The fact remains that all of the security and inconvenience we have been put through in recent years has not caught one bona fide terrorist. And given its reactionary nature -- always trying to catch up with the latest menace du jour -- it is doomed to be ever one step behind the curve. One year someone puts explosives in their tennies, so we are condemned to walking around the security area in our socks. The next year someone loads up their undies with some incendiaries, and we have TSA agents groping around our crotches. I suppose that if the next would-be bomber is wearing a green shirt, or has pictures of Lindsay Lohan in his wallet, that we'll be barred from wearing green shirts or carrying photos of Lindsay Lohan in our wallets.
Meanwhile, as we expend ever greater amounts of toil and treasure on the most obvious points of vulnerability, we continue to ignore some really critical but less visible vulnerabilities. And I would venture to say this tendency is not lost on those who would do us harm, as the recent rash of getting explosives on-board aircraft by way of UPS parcels of printer inks demonstrates. But instead of saying that we need to dedicate a serious effort at monitoring and inspecting unaccompanied air freight and parcels, we put a ban on shipping printer ink (and you thought my green shirt example was frivolous?) It seems the terrorists have mastered a principal that continues to elude our security watchdogs, which is the principal of hiding things in plain sight.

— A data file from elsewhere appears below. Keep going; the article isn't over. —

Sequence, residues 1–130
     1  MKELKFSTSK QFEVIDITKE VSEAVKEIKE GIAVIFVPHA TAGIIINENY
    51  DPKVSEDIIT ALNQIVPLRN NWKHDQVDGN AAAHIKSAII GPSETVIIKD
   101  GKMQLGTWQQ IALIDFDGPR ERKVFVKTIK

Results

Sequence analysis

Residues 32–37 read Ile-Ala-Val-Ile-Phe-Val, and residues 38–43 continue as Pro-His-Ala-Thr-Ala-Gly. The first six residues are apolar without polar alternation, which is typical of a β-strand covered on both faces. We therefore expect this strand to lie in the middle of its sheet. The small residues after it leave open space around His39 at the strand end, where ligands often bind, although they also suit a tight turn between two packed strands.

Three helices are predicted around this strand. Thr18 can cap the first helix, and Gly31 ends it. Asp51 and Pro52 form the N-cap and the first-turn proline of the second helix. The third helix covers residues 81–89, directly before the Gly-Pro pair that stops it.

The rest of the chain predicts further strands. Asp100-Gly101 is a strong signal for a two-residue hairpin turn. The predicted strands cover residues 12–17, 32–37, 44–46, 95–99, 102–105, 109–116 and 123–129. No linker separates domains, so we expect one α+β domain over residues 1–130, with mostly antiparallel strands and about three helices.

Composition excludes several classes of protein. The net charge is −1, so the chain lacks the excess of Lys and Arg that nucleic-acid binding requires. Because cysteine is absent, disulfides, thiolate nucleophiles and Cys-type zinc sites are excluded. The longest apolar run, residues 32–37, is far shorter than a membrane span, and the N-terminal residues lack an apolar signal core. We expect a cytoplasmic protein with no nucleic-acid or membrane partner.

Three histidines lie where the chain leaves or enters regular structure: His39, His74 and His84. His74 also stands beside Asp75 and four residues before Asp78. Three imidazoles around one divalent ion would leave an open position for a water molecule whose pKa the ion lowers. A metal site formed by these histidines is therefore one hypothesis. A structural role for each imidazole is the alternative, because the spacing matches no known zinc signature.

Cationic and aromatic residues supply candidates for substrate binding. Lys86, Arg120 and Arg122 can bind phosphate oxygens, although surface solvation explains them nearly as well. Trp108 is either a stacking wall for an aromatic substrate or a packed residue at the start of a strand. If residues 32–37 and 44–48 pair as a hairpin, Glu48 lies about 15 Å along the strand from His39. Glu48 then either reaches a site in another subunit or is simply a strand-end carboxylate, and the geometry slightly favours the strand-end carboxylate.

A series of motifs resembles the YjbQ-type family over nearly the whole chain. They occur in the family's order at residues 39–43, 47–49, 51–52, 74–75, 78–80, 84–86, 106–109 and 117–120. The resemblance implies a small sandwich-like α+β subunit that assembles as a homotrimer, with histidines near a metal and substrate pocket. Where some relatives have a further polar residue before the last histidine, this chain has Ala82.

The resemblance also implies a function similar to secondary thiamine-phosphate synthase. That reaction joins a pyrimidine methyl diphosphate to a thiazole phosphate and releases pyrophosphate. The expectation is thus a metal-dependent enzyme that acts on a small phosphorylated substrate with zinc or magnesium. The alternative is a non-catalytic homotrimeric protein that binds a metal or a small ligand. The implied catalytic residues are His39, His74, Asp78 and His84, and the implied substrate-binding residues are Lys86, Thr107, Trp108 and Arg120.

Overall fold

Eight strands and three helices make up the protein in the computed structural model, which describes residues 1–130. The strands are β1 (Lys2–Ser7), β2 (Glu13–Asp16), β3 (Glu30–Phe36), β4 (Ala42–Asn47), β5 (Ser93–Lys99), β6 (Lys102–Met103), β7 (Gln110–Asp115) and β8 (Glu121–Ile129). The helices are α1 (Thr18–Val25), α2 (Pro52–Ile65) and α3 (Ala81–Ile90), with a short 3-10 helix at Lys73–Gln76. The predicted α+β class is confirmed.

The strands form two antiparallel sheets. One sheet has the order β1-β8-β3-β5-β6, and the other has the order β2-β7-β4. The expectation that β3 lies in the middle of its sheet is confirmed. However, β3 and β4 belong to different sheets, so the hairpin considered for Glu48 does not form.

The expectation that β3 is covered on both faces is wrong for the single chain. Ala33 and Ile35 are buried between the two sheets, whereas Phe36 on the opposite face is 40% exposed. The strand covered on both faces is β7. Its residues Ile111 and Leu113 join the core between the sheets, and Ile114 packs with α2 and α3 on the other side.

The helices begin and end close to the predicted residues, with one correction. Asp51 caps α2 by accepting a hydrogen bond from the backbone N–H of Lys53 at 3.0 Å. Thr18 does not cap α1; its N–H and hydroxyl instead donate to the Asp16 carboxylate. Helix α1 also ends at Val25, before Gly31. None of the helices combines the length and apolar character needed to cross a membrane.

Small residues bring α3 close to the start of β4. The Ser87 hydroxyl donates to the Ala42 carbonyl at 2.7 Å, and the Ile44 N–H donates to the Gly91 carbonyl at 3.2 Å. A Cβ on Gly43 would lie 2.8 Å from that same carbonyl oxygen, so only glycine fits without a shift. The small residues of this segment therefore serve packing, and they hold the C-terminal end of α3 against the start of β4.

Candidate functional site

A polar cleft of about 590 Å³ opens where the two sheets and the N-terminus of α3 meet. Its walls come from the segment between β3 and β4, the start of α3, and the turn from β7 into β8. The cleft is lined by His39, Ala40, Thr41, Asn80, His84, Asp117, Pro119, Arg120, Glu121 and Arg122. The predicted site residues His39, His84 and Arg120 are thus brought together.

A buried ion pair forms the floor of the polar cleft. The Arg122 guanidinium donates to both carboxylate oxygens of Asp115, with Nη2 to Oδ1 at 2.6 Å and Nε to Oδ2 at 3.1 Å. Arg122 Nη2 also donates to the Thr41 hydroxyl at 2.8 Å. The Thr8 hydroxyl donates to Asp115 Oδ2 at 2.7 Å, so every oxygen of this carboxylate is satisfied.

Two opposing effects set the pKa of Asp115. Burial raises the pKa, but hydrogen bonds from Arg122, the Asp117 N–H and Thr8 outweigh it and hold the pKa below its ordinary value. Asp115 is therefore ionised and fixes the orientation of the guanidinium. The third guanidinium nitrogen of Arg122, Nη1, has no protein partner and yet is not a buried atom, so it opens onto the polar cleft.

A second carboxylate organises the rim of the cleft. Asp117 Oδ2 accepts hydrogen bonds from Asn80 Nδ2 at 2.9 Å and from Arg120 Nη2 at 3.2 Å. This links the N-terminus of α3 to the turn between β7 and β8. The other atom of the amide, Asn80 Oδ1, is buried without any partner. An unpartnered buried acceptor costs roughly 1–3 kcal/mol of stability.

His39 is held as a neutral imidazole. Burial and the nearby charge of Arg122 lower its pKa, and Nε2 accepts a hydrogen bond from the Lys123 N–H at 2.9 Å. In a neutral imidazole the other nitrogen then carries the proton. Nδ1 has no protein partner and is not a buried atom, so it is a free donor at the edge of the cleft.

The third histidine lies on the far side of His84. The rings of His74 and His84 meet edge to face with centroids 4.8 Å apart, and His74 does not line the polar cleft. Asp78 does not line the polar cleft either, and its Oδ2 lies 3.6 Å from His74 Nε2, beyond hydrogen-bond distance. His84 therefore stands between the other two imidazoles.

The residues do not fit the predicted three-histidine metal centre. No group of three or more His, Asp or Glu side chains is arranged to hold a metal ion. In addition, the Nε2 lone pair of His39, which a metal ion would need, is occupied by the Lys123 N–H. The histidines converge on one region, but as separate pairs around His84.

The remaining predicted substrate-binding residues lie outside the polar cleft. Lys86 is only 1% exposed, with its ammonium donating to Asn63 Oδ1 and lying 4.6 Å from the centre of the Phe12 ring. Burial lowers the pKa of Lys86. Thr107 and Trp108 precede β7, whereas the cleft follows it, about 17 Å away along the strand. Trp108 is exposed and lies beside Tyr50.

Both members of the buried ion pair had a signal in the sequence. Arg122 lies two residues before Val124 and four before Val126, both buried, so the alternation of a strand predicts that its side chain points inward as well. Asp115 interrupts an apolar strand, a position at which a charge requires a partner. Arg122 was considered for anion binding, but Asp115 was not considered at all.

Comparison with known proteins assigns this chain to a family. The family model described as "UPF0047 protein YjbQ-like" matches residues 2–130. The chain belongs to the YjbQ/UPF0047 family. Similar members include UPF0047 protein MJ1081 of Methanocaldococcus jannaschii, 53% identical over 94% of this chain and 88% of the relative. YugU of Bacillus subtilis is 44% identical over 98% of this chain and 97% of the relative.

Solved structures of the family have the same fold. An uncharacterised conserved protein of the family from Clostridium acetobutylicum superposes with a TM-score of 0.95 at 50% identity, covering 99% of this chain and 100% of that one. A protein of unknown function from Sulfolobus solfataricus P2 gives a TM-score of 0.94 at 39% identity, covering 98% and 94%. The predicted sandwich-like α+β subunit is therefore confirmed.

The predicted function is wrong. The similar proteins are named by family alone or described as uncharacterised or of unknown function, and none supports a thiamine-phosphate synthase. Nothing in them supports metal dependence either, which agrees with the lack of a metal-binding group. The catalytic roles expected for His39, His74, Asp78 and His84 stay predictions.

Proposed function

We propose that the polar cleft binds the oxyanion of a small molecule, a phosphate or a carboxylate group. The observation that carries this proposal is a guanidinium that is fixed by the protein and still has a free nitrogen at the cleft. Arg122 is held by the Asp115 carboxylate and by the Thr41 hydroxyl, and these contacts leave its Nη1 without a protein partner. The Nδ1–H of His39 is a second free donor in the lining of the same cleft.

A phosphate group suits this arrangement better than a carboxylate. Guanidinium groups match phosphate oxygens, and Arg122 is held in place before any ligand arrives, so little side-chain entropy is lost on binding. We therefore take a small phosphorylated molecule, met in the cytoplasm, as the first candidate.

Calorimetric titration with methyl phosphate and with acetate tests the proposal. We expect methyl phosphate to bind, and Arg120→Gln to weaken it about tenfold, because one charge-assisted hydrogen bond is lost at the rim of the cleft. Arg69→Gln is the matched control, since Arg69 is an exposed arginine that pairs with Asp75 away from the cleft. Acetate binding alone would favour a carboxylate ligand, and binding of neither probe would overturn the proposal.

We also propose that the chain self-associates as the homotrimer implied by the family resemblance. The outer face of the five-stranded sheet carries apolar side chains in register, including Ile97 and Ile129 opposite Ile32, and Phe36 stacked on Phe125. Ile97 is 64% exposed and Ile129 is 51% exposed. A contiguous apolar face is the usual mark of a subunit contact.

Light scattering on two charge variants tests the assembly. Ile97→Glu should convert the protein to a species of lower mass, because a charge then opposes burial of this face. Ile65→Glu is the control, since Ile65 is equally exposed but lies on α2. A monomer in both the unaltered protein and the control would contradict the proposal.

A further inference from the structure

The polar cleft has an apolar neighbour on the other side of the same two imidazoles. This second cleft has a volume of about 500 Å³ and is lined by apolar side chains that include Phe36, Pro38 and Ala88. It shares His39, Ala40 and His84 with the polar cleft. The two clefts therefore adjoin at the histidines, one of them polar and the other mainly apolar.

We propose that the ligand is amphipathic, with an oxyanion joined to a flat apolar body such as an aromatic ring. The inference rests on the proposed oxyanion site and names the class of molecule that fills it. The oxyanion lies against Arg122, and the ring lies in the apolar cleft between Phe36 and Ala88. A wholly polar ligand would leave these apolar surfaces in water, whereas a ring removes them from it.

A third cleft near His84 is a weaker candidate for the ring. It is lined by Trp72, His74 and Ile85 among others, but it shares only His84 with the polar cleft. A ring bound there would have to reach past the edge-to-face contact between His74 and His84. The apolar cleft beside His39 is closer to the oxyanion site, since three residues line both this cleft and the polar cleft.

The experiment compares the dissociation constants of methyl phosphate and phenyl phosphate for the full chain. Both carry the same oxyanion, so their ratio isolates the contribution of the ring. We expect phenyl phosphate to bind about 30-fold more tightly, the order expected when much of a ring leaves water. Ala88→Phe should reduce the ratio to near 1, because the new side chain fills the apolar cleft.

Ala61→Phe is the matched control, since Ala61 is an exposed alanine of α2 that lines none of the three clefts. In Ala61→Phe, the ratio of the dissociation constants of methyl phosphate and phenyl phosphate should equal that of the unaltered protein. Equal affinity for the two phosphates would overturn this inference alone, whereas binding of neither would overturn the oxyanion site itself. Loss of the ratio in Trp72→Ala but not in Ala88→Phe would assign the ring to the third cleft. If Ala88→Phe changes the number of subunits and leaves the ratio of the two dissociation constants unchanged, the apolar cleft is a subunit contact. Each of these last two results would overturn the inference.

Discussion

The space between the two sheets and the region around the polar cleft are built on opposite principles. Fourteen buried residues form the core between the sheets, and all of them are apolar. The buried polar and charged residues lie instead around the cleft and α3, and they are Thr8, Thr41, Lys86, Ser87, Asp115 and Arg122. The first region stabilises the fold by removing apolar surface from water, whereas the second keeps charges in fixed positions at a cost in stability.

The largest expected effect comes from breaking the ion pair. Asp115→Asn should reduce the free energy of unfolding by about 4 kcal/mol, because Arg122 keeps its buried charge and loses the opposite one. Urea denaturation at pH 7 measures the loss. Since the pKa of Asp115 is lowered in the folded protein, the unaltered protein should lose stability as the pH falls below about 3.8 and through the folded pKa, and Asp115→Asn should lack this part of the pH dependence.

Additionally, while virtually all our effort is directed at airliner security, such as it is, we are doing absolutely nothing to assure security on conveyances like trains, buses, and cargo vessels. I recently took some friends to board an Amtrak train in New Orleans. Despite having enough baggage, boxes, and other accoutrement to fill my van, no one so much as put them or their baggage through a metal detector, let alone any other sort of security. It was the same story more than a year prior. This to me is shocking. It doesn't take the imagination of a spy novelist to see the incredible damage a dirty bomb or small nuclear device detonated aboard a train passing through an urban area can do, or even the hostage-taking potential afforded by a train full of passengers. And meanwhile, years after this vulnerability was recognized, we inspect but a very small percentage of ship-borne cargo entering the country. And let's not even get into the issue of our criminally lax border security.